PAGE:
Development of two landscape-scale arctic observatories in northern Alaska

guido.grosse [ at ]


Lake-rich arctic lowland landscapes are particularly sensitive to changes occurring in both summer and winter climate. In northern Alaska, lakes may account for more than 20% of the land surface cover and thus factor prominently in the arctic system. However, long-term, integrated observations from lake-rich arctic landscapes are relatively sparse. During the past decade, we have developed two new landscape-scale arctic observatories in northern Alaska – the Teshekpuk Lake Observatory (TLO) and the Fish Creek Watershed Observatory (FCWO) to help fill critical data gaps associated with these prominent components of the arctic system. The TLO focuses on the largest arctic lake in Alaska and the ice-rich permafrost terrain between it and the Beaufort Sea coast to the north. The FCWO focuses on a 4,500 sq. km. watershed where lakes occupy 19% of the surface cover. Combined, the TLO and FCWO capture the diverse mosaic of terrain units and aquatic habitats that occur on the Arctic Coastal Plain of northern Alaska including deep dune trough lakes, shallow thermokarst lakes, drained thermokarst lake basins, thermokarst pits, beaded streams, both sand and gravel bedded rivers, rapidly eroding coastlines, and deltaic habitats. The TLO and FCWO are also ideal locations for long-term observations as these landscapes are responding rapidly to climate change and are also subject to land use changes associated with petroleum development. Here we provide an overview of the research infrastructure available at the TLO and FCWO and present data and findings from sensor networks, field studies, remotely sensed image analysis, models, limnological surveys, and paleoecological analyses. Ongoing projects at both observatories include establishment of automated and near-real time data transmission stations, detailed field studies, analysis of remotely sensed datasets to quantify regional landscape changes, climatic and hydrologic modeling, and analysis of paleoecological archives that will help place some of the recent observed changes into a longer-term context. The establishment of the Teshekpuk Lake Observatory and the Fish Creek Watershed Observatory will provide much needed information on the potential future status of these dynamic and sensitive arctic landscapes.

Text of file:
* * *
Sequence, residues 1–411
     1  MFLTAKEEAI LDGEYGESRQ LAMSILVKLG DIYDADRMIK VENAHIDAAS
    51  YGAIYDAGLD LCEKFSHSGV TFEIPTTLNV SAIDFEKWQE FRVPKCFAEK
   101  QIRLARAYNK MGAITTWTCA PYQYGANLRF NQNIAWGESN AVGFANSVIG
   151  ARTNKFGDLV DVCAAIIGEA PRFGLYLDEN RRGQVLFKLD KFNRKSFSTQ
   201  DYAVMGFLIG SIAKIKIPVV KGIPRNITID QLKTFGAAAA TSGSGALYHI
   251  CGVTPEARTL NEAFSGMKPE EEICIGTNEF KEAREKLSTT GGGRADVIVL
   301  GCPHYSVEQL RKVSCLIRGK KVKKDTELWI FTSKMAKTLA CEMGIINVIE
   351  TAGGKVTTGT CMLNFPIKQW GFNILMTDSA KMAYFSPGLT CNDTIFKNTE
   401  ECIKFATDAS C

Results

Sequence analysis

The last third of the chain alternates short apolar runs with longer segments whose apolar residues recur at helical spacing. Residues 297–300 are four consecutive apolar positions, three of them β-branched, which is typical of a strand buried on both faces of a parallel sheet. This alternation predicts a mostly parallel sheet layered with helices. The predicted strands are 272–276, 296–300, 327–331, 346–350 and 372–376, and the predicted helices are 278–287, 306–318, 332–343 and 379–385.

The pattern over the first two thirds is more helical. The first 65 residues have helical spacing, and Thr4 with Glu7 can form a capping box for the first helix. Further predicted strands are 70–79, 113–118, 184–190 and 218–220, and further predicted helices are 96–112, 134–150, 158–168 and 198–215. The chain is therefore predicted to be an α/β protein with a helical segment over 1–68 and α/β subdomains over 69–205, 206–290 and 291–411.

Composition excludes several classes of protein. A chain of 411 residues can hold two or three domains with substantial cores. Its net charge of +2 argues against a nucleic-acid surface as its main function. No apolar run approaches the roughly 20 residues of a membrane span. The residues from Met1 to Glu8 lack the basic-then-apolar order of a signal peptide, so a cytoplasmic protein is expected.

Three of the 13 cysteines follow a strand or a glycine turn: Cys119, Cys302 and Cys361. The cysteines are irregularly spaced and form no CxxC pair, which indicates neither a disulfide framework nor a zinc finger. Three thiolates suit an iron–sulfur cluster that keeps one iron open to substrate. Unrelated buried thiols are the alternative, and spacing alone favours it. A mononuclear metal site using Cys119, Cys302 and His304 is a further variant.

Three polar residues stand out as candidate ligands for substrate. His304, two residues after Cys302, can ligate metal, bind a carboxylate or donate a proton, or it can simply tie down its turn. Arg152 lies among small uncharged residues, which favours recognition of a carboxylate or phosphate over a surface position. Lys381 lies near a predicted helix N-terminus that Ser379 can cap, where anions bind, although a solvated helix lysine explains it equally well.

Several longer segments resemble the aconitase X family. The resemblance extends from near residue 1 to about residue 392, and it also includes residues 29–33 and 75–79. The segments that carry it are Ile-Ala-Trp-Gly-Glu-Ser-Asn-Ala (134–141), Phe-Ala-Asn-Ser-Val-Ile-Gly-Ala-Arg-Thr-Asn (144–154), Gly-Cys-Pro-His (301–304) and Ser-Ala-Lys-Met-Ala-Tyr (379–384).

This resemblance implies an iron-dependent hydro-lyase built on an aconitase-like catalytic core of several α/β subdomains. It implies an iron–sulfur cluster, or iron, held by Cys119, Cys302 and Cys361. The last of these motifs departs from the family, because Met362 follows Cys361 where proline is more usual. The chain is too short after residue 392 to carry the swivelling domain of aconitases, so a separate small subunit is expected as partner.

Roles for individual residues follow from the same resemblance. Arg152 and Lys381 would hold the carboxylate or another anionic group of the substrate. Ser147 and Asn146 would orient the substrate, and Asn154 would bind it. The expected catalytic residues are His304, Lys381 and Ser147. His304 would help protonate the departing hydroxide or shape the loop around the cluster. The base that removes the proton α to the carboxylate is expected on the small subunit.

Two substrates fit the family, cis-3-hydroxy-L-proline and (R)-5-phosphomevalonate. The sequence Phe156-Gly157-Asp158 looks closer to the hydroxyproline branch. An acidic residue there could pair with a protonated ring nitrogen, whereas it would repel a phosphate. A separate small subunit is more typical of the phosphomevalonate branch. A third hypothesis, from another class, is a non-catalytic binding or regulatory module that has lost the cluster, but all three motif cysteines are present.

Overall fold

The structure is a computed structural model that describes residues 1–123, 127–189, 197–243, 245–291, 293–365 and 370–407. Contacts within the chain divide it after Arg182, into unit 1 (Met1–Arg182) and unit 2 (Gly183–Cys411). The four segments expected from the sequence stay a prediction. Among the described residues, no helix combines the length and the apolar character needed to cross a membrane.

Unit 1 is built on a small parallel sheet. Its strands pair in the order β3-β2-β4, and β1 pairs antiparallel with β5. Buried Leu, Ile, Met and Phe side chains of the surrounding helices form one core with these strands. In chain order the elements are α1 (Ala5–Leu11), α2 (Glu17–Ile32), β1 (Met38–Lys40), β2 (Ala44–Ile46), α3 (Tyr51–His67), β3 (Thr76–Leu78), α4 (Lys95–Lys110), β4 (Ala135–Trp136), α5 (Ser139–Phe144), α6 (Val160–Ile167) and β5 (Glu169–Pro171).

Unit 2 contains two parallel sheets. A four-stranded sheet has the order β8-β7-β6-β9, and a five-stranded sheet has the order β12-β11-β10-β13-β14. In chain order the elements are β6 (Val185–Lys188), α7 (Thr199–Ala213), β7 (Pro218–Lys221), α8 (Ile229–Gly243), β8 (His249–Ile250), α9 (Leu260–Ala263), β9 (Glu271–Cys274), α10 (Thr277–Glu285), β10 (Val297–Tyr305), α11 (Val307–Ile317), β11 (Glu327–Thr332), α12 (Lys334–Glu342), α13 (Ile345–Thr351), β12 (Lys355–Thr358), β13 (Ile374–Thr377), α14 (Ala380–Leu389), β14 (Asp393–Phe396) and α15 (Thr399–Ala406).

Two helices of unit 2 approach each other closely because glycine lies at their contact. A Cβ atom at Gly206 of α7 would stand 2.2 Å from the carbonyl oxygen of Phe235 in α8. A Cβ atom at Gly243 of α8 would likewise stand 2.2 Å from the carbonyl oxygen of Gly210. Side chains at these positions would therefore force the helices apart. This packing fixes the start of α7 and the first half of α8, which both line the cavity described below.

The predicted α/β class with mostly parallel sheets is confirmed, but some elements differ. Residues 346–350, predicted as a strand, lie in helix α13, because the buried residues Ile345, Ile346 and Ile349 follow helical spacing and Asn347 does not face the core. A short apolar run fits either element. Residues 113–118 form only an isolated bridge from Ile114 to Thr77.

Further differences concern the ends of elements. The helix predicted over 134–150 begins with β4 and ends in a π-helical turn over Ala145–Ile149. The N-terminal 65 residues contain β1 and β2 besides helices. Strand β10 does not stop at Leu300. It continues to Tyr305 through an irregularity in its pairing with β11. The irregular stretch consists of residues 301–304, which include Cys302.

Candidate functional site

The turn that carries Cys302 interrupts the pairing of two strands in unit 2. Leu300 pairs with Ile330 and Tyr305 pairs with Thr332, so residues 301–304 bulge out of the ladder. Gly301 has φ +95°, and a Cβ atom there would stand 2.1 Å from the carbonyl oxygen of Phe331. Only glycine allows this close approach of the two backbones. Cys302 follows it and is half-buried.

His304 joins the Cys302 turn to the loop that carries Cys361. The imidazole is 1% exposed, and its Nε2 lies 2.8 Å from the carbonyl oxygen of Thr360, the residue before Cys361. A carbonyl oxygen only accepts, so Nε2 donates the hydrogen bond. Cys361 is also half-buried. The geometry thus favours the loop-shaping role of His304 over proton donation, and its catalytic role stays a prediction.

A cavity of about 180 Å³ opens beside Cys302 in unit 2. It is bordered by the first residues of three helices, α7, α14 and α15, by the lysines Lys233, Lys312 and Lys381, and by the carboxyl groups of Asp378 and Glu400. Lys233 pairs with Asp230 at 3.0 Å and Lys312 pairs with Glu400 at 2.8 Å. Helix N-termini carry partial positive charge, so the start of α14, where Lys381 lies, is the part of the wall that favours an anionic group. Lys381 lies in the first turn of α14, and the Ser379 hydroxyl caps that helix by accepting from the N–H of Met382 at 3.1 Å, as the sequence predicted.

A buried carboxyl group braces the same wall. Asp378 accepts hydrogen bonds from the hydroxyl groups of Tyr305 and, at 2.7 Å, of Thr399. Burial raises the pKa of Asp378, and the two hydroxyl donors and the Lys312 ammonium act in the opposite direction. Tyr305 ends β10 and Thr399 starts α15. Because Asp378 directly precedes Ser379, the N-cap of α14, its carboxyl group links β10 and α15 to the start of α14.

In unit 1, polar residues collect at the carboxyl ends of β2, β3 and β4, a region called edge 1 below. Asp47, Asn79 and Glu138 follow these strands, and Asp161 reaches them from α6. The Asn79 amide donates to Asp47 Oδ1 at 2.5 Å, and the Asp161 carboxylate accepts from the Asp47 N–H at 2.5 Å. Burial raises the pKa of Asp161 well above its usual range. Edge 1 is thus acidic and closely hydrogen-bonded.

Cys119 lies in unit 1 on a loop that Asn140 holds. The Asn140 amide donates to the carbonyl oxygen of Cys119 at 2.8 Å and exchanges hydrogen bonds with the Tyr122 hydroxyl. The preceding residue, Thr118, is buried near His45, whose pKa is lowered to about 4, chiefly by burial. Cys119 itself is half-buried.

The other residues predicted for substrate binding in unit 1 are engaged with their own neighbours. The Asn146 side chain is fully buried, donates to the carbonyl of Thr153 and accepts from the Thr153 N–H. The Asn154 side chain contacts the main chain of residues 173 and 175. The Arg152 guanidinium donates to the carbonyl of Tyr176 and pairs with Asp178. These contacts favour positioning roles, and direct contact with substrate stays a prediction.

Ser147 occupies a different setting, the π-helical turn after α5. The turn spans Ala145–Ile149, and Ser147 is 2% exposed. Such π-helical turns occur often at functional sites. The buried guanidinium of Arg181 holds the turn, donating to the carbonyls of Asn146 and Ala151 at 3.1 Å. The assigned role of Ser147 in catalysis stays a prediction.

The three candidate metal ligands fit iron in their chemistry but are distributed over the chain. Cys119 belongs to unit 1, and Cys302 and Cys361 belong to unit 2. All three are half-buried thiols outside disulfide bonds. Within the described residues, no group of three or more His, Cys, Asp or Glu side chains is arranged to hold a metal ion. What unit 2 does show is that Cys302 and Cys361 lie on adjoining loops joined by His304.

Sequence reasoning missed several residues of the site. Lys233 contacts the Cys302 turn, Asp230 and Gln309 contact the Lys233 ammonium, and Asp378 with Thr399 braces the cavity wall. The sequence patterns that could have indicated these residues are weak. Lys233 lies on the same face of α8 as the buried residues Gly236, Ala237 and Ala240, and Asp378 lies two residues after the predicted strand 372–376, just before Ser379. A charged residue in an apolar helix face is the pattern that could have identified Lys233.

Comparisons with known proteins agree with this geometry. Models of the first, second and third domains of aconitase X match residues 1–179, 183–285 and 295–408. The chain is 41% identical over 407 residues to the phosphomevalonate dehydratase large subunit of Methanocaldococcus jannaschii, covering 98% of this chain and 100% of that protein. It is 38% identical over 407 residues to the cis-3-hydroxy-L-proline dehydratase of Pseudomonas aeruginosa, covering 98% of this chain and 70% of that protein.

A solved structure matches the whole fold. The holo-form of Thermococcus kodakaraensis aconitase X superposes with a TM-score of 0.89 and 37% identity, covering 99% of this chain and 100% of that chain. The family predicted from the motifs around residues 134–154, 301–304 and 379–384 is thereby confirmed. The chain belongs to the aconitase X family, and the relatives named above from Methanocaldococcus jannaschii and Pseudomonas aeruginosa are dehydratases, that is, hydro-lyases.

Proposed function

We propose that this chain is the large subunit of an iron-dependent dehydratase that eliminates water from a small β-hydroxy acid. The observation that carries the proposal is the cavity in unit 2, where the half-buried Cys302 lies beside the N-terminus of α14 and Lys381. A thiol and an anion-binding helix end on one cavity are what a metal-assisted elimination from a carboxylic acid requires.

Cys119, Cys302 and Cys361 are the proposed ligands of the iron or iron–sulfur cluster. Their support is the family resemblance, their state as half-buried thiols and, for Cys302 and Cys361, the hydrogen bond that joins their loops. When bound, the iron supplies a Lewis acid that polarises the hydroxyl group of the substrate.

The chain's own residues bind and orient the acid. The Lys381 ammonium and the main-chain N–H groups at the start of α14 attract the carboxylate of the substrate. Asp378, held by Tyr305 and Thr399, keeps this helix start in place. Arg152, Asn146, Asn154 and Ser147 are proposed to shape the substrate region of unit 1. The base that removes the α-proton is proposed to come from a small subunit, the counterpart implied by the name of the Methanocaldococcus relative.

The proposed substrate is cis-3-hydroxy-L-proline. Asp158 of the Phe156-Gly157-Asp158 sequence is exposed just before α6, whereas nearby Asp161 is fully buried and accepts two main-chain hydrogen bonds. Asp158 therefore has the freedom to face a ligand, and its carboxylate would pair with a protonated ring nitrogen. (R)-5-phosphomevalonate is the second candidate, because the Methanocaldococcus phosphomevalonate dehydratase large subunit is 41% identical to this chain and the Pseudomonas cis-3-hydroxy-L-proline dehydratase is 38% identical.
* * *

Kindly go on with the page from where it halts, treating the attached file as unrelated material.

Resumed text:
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Conference (Poster)
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AGU Fall Meeting, 12 Dec 2016 - 16 Dec 2016, San Francisco, USA.
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Jones, B. M. , Arp, C. D. , Whitman, M. S. and Grosse, G. (2016): Development of two landscape-scale arctic observatories in northern Alaska , AGU Fall Meeting, San Francisco, USA, 12 December 2016 - 16 December 2016 .

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